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No ruling yet by Pakistan court on freeing Daniel Pearl’s killer (Al Jazeera)

Pakistan’s Supreme Court adjourned on Thursday without deciding whether to free the man convicted – and later acquitted – of the 2002 murder of American journalist Daniel Pearl.

Ahmed Omar Saeed Sheikh, the key suspect in Pearl’s killing, remains in custody while his lawyer has petitioned the top court to free him in keeping with another court’s ruling last month that ordered his release.

Pearl’s family and the Pakistani government have appealed the acquittal to the Supreme Court, which resumed its hearing this week.

A decision is expected before the end of the month.

Sheikh’s lawyer has been trying to get his client, who has been on death row for 18 years, freed since his acquittal.

The US has opposed the release and Pakistan’s federal and provincial governments have come forward with successive legal challenges to avoid freeing him.

The Sindh provincial government is facing contempt charges for refusing to free Sheikh.

The regional court hearing those charges will resume on January 13.

In a statement sent to Al Jazeera last month, Pearl’s family said the “murderers should remain in jail” before the appeal.

“We refuse to believe that the Pakistani government and the Pakistani people will let such a travesty of justice tarnish the image and legacy of Pakistan,” said Ruth and Judea, Pearl’s parents, in the statement.

“We believe that our son’s murderers should remain in jail because of the Supreme Court appeals, and we are also heartened to hear the Government of Pakistan is filing an appeal against the latest release order so that our son’s murderers will remain in jail and justice will prevail.”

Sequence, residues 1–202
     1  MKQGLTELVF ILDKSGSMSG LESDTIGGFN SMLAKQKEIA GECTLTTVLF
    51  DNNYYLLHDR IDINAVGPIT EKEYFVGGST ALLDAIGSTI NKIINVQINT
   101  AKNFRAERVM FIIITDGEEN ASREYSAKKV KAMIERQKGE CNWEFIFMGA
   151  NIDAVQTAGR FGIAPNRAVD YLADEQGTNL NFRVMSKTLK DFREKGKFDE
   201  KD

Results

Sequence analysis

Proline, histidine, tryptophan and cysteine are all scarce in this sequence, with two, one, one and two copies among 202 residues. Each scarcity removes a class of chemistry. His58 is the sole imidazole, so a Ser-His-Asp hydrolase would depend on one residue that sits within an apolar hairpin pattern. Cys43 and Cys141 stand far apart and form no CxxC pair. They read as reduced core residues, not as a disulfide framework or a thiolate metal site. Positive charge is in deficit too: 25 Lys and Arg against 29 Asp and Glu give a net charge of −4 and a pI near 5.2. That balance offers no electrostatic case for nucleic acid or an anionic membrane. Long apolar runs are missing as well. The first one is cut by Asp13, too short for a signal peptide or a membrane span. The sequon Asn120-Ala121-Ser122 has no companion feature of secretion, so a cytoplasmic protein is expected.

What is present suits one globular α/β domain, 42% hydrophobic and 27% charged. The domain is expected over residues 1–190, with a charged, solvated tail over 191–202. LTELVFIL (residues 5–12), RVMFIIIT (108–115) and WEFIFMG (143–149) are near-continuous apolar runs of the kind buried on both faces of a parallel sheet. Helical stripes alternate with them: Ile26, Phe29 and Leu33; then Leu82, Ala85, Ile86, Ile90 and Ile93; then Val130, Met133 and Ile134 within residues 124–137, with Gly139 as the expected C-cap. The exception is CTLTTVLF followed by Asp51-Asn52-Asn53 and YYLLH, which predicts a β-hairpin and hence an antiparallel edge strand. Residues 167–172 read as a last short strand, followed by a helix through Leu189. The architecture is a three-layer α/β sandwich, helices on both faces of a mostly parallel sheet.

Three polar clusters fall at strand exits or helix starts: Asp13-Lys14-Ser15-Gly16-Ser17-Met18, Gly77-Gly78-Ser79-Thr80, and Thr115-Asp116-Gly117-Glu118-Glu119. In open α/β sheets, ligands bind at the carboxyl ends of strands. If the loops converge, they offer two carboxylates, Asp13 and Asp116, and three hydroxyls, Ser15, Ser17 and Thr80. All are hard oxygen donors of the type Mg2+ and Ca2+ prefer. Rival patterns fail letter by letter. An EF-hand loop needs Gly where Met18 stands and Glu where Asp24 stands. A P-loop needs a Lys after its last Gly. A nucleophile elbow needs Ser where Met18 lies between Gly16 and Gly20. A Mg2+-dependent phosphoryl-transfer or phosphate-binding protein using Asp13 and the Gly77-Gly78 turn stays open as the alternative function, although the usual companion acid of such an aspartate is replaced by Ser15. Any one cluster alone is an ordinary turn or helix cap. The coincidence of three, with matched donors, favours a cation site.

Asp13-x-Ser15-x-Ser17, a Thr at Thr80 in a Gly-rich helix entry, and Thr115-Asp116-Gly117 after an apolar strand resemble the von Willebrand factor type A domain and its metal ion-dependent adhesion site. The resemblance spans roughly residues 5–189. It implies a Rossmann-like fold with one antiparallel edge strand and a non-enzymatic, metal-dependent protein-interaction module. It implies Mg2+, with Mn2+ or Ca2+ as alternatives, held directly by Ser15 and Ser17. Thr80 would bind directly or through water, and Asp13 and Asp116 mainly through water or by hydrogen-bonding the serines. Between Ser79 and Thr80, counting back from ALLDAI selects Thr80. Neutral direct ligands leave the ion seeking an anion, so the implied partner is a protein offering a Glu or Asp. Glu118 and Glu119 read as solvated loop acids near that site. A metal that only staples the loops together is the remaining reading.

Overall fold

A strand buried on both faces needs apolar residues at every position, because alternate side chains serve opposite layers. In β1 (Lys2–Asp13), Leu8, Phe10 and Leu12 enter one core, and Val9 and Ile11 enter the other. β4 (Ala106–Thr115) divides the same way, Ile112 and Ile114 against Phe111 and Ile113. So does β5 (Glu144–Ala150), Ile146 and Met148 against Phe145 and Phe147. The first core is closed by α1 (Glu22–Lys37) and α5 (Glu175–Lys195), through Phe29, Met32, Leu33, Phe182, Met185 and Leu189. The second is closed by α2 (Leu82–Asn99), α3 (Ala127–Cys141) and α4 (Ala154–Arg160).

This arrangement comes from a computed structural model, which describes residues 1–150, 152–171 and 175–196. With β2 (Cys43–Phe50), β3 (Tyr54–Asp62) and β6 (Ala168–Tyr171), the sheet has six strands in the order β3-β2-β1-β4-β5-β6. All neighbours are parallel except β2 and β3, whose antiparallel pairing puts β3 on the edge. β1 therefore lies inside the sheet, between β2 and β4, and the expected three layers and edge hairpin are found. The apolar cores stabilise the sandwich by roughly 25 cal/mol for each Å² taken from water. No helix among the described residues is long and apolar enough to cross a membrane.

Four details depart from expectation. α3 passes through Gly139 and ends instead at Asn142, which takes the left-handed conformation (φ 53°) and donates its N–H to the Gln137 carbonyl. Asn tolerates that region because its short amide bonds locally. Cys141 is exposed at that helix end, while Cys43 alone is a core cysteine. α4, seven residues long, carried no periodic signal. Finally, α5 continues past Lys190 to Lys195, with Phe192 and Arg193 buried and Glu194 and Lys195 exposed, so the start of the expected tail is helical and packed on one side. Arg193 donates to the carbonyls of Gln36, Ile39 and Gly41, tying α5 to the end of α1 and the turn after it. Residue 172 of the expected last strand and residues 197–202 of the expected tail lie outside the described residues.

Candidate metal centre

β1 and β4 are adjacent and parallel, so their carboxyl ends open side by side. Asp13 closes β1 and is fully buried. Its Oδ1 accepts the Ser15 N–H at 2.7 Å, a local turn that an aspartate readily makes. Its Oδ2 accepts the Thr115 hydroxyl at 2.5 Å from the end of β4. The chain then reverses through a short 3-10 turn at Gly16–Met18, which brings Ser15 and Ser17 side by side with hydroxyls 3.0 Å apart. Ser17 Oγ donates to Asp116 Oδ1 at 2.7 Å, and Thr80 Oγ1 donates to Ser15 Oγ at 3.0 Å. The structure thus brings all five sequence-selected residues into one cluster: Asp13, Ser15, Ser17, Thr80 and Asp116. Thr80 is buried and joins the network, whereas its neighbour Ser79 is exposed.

‘Shoe bomber’

Sheikh was acquitted early last year by the Sindh High Court in the brutal beheading of Pearl, who was lured to his death while investigating links between Pakistani-based armed groups and Richard C Reid, dubbed the “Shoe Bomber” after trying to blow up a flight from Paris to Miami with explosives hidden in his shoes.

Pearl was working for the Wall Street Journal when he was kidnapped on January 23, 2002. The US embassy later received a gruesome video of Pearl’s death and his body was found in a shallow grave in a southern Karachi neighbourhood.

In Sheikh’s original trial, emails between Sheikh and Pearl presented in court showed Sheikh gained Pearl’s confidence by sharing their experiences as both waited for the birth of their first child.

Sheikh was sentenced to death and three other suspects to life in prison for their role in the plot.

Their acquittal has stunned the US government, Pearl’s family and journalism advocacy groups.

Washington has said it will not let Sheikh escape justice, saying if the acquittal is upheld by the Supreme Court, the US will demand he be sent to the US to be prosecuted for Pearl’s killing.